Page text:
They want to begin a crowd of open mic poetry at least once a month, when the barista found what i had been doing the last 18 months i never even let her finish her question about being a host before i demurred.

I think for me the shortest way to say it is; i now need the unfamiliar to be around me to write fiction of any length. Even in the edit because it is fiction I need to be in that place where no one knows my name or gives a rat's ass about what i am doing and for that i kind of regret that I lost my home as a place to write because for the most part all of the words that came from me came that spot but on the other hand maybe what Vidal was trying to tell us is that he is in an unfamiliar place and he finds that a comfortable place to write from.

Peace Michelle

Looking forward to seeing you soon and hearing the tales from this trip.

paul said...

Cajun Q rockinMama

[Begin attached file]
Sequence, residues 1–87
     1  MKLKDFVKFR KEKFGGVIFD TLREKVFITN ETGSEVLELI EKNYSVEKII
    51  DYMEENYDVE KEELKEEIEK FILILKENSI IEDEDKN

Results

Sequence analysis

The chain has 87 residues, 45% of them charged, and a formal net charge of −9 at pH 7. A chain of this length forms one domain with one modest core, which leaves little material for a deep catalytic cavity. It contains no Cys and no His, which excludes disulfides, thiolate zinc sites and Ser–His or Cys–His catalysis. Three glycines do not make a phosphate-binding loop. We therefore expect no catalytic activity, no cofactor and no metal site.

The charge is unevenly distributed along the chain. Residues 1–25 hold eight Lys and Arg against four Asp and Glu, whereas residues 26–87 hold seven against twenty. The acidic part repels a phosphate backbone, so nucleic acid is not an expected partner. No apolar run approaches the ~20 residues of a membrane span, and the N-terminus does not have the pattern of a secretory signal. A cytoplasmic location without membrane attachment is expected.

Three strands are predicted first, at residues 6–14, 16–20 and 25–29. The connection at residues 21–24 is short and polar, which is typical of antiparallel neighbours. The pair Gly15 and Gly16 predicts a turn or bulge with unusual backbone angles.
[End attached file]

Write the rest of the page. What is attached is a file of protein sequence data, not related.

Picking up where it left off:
R2 C2!

JR's Thumbprints said...

I write on napkins and scraps of paper. No wonder my stories lack cohesion. But you are absolutely correct, ideas come from somewhere!

Don't be afraid of that little doggy, Michelle.

Ace Ventura said...

I taught one of my dogs(his name was Fibonacci)how to sing "Home on the Range." He was so smart that he taught my other dogs how to sing this same song. But this was way before Letterman's "Stupid Pet Tricks," so Fibonacci didn't become famous.

Inspector Clueso said...

I zink you fabreekate zis Fibonazi story, eh? Was zis ze dog zat smokes and whistles as zee same time, eh?

Special said...

Michelle wearing black panties. Covering tender vittels.

Aarfy Aardvaark said...

Arf, arf, arf.

John Ricci said...

Dear Michelle, that is such a smashing shot my dear. And a lovely post as always. As it must be sad to be surrounded by so many artefacts of departed loved ones a sad Bravo!